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Stephen D. Susman, Esq.
Susman Godfrey LLP - Houston, Texas


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The Declining Client Satisfaction Antidote: Nearly 70% of In-House Counsel Are Dissatisfied

Michael Rynowecer


Low client satisfaction plagues today’s legal industry. Client satisfaction rates among the Fortune 1000 plummeted by nearly 15 points over the past two years. Local and regional markets fared little better. Discover what steps you can take today to gain competitive advantage and steer clear of this debilitating trend with your own clients.

The Declining Client Satisfaction Antidote

BTI’s exclusive research shows that client recommendation rates are one of the most powerful and reliable indicators of client satisfaction. Clients that make unprompted recommendations are happy, satisfied and value their law firms. The law firms that are not recommended face price pressure and are undifferentiated by their clients.

Nearly 70% of Clients Dissatisfied

On a national level, 7 out of 10 clients do not recommend their primary law firm. Client satisfaction rates plummeted in 2005, and remain low in 2006 at 32.1% from a 5-year high of 43.5% in 2004. Clients are on the look out for a better option.

BTI conducted an analysis of over 250 interviews with corporate counsel to shed light on the key factors driving this deep decline in client satisfaction. Through its comprehensive research, BTI was able to pinpoint 3 critical law firm behaviors that underlie falling client satisfaction according to clients:  

  1. Not keeping up with changing client needs

  2. Doing a poor job of articulating and delivering value

  3. Poor communication between law firms and clients

1.  Not Keeping Up with Changing Client Needs

Our experience shows that client needs and priorities change every 18 months. Clients’ top priorities this year, for example, center around getting top value from law firms and solving problems related to compliance issues. Three years ago, clients were tackling streamlined operations, litigation and risk management. And two years prior to that privacy was a top concern for Fortune 1000 corporate counsel.

Changes in client needs and priorities inevitably drive changes in what clients demand from their law firms. Law firms who are able to keep up with and anticipate changes in clients’ needs are best positioned to continue serving those clients in the future. BTI finds the most successful law firms have practices in place that enable them to systematically track the needs of their clients. These law firms leverage their knowledge to strategic advantage, aligning firm resources and strategies with morphing client demands.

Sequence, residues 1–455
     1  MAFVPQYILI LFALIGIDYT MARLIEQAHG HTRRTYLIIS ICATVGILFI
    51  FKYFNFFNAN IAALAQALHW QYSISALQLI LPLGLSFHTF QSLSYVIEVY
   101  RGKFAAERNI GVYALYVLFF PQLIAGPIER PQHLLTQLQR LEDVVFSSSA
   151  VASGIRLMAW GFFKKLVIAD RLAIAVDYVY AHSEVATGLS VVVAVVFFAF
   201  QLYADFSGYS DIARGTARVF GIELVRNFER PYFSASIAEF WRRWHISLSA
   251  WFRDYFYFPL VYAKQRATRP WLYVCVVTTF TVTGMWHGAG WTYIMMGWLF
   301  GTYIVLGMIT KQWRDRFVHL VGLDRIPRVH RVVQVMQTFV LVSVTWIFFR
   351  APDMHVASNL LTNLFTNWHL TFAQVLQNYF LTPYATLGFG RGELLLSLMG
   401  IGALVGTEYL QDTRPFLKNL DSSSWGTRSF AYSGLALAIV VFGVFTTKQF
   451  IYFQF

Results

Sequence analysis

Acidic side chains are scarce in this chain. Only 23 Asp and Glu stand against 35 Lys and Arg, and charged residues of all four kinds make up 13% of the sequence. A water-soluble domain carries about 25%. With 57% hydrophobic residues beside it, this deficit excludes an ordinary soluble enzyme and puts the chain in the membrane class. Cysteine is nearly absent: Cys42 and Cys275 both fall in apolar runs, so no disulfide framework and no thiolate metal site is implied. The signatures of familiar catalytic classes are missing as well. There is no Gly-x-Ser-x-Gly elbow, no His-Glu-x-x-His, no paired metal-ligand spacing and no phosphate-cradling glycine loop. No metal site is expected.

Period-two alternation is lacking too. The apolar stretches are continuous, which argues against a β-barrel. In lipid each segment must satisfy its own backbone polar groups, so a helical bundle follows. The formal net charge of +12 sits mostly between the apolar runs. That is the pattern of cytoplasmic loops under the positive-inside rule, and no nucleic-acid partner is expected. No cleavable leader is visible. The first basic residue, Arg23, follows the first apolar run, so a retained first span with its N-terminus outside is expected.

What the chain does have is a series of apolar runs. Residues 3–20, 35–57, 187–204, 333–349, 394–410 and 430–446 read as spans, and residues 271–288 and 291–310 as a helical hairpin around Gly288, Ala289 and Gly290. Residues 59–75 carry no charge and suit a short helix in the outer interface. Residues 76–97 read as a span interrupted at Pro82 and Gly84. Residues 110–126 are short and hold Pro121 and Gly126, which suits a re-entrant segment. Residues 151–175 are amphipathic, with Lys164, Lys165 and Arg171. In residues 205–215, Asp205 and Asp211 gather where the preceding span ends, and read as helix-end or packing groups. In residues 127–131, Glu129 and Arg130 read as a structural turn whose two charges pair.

The most highly effective approaches to ensure alignment between your law firm’s services and client needs are:

Listen to Your Clients

Intuitive as it may sound, the simple act of engaging clients in an ongoing dialogue, particularly one that extends beyond legal matters, is one of the most powerful ways to stay in tune with their changing needs and demands. As competitive environments shift and company strategies advance, direct, open conversation between attorneys and clients provides the key to unlocking new opportunities.

Be an Expert in Your Client’s Business

The sheer volume of data that is publicly available in today’s information age can be overwhelming. Yet harvested wisely, this wealth of information is an exceptional source of insight into the inner workings of your client’s organization. In addition to publicly available resources such as newspapers and trade press, tap into competitive intelligence resources, such as Hoovers, analyst reports, case studies and even executive biographies, to elucidate your understanding of your client’s business.

Above All, Be Flexible

We have seen nothing more harmful to a law firm than an unwillingness or inability to tailor its offerings to better meet the needs and demands of clients. Even with requests as seemingly innocuous as changes in billing format or frequency, clients see a law firm’s failure to comply with their wishes as a blatant disregard for their needs.